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Lloyd Omdahl, Published May 31 2011

Omdahl: Camping resets end date

Even though Jesus said he didn’t know much about the end of the world, some of his alleged followers keep making predictions with certainty and conviction. Apparently, they don’t want to deal with the day-to-day challenge of living Christianity so they sit around and speculate about the unknowable.

Harold Camping of Family Radio International isn’t the only person who spends time and resources on “the last days” while children are starving, Bibles go unprinted and missionaries are not sent. A good many Christians have become virtual addicts to the unknown mysteries of the Book of Revelation. I taught a year-long Sunday School class on Revelation once, and when we finished, we knew less than when we started.

Well, 6 p.m. May 21 has come and gone, and the world is still here. Camping missed again. While he kept his house and his car, many of his followers didn’t and now their lives are in shambles. Meanwhile, he is scouring Ezekiel for a new sign and is now convinced the end will come on Oct. 21, two days before the due date on his mortgage.

Predicting the end of the world requires a higher level of training than is currently available. It is being attempted by rank amateurs because there is no college major in prophetic calculations. The closest is meteorological science for weather forecasters, and we know how hard it is for them to make a sound prediction beyond four hours. And that’s with a college degree.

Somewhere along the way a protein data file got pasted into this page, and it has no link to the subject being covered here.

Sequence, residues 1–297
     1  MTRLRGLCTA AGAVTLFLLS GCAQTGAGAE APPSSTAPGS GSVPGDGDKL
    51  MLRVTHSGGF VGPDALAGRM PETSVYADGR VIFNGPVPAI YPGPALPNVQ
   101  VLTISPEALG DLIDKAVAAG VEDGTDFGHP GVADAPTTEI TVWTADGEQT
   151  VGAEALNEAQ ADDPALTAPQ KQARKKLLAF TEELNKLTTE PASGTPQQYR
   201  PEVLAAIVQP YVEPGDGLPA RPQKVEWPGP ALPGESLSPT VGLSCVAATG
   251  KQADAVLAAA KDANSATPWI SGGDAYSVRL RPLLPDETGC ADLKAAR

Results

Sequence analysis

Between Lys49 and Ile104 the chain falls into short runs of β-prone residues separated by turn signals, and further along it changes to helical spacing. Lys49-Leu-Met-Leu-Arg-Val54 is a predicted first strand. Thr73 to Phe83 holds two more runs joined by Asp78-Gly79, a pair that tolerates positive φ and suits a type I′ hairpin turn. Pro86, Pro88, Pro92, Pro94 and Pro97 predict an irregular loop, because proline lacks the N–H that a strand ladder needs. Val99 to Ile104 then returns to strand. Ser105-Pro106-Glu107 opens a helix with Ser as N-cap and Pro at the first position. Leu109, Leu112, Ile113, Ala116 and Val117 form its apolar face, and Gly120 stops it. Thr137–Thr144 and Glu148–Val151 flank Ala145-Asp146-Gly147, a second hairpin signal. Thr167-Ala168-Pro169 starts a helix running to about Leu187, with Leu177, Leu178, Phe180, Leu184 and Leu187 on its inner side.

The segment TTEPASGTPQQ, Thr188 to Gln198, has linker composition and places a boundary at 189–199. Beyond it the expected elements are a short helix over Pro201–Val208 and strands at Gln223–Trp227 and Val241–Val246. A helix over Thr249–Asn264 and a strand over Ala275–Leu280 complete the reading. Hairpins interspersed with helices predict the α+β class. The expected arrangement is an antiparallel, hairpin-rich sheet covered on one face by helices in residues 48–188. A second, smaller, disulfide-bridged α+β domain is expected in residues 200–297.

As the magic hour approached on May 21, my eyes were glued to CNN to see how they would cover the event. Wolf Blitzer had someone in Kaikoura, New Zealand, to report on the first rumble. According to Camping, Judgment Day was going to follow the sun around the world. This was new to me. I always heard that Christ’s return was going to be one big instant hallelujah event that would make Mount Vesuvius look like the Fourth of July in Menoken.

Apparently, Camping figured that St. Peter would not be able to screen everyone at once since he was depending on a recycled airport body scan and strip searches. In the process, we will all be shocked to find out who we really are.

I switched to Fox, where Glen Beck was claiming that the whole thing was a liberal plot to undermine confidence in the capitalistic system. Over at MSNBC, Ed Schultz was claiming that it was an ultra-conservative effort to bring back a monarchy.

Politically, the Republicans thought the end of the world had already come – election night 2008 when Barack Obama got elected. Democrats thought it had happened in 2010 when they got swamped in the congressional election. Independents disagreed with both, claiming that Armageddon had to come first and that would occur in election 2012 when blood and money would run in the streets.

Other folks have different ideas. For Twins fans, the world ended in April. For students at North Dakota State University, it came when the Board of Higher Education approved an 8 percent hike in tuition.

Camping’s new date for the Judgment Day is not important; he has been discredited. But take heart. According to the Mesoamerican Long Count calendar, a new Judgment Day is scheduled for Dec. 21, 2012. Be sure to have your longies ready for this one.

Omdahl is a former North Dakota lieutenant governor and a retired University of North Dakota political science teacher. Email ndmatters@q.com